A law signed by President Donald Trump on Thursday, prior to the current congressional session, requires the VA to "make whole" any student-veterans whose education benefits have been negatively affected by delays in implementing the Forever GI Bill.
VA officials, including Secretary Robert Wilkie, already have promised such make-goods in various releases and speeches, including Wilkie's appearance Friday, remotely, at the Student Veterans of America National Convention in Orlando, Fla. The law - S 3777, also known as the Forever GI Bill Housing Payment Fulfillment Act of 2018 - states it is “the sense of Congress” that by Jan. 1, 2020, the VA secretary must “make whole the individuals entitled to payments of monthly stipends … who have been underpaid as a result of the difficulties encountered by the Department of Veterans Affairs in carrying out” the new legislation.
[RELATED: MOAA's Transition and Career Center]
The Forever GI Bill requires the VA to change how it calculates housing stipends for student-veterans, mandating that it use the location the student attends classes, rather than the location of the school itself. This change was to go into effect in August, but VA officials cited “continued information technology difficulties” with this provision and another portion of the new law in a Nov. 28 statement that pushed back the agency's planned compliance to December 2019.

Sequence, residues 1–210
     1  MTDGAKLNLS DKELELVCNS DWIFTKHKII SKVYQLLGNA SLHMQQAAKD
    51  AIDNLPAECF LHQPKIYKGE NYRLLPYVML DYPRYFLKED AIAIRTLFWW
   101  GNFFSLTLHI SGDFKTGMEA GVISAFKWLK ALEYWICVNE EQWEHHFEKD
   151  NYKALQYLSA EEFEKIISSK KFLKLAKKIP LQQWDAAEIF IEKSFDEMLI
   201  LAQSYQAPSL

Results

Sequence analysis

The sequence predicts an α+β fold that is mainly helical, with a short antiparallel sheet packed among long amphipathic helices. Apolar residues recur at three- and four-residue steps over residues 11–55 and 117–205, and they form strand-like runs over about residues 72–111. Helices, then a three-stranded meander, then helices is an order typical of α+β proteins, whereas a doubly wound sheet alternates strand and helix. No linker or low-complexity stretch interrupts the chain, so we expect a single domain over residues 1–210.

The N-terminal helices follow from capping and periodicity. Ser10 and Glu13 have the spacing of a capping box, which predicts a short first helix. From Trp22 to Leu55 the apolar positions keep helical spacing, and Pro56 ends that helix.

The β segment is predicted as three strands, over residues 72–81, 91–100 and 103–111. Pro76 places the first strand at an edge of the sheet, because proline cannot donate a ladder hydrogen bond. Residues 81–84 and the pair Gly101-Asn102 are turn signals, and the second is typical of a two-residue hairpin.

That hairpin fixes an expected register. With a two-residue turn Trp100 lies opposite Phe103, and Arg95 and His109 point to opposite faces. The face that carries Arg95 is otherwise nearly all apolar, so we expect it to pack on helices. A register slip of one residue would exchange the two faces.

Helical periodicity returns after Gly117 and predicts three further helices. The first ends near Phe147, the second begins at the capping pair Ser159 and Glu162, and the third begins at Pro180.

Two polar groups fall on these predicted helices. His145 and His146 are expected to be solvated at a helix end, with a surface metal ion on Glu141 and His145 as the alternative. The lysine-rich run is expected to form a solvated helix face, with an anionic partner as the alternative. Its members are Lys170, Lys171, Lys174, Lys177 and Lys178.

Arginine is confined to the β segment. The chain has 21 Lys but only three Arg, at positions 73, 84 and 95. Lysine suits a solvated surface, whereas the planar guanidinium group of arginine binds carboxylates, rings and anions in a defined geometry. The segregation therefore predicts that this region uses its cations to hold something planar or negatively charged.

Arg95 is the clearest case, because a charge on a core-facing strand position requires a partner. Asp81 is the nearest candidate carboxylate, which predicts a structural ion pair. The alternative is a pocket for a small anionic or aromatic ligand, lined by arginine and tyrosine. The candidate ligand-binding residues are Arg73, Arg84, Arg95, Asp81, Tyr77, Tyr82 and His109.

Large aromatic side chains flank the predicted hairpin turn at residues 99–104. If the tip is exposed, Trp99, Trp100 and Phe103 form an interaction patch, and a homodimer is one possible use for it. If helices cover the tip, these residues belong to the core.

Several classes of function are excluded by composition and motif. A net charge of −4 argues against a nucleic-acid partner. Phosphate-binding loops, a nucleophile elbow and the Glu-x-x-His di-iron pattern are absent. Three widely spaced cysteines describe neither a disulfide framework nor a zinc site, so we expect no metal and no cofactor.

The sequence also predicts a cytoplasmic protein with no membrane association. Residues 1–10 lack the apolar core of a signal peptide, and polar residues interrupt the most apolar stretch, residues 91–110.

The next day, after VA Under Secretary Paul Lawrence faced pointed questions during a hearing before the House Veterans' Affairs Committee's disability assistance and memorial affairs subcommittee, Wilkie issued a statement pledging that “each and every beneficiary will receive retroactively the exact benefits to which they are entitled under law.”
The new law helps ensure that by instructing the VA to create a “Tiger Team” that will target fixes to the stipend issue. The team, which is to include a senior-level official as its lead officer, must submit a plan to Congress within 90 days that outlines:
- How VA will determine who was underpaid, and how it will correct payment amounts.
- How it will improve its technology to issue corrected amounts.
- How much “additional funding and personnel requirements” will be necessary to complete the process.
Congress also mandated a report by July 1, 2020, that will outline how many veterans were affected by the delay; how many received a corrected payment and how much they received; and whether any additional student-veterans were still awaiting such a payment … and why.
[RELATED: MOAA's Interview with VA Secretary Robert Wilkie]
The payment problems also may lead to overpayments on some housing stipends. VA officials said previously that they will not attempt to recoup these payments; the new law includes a “sense of Congress” passage echoing that decision.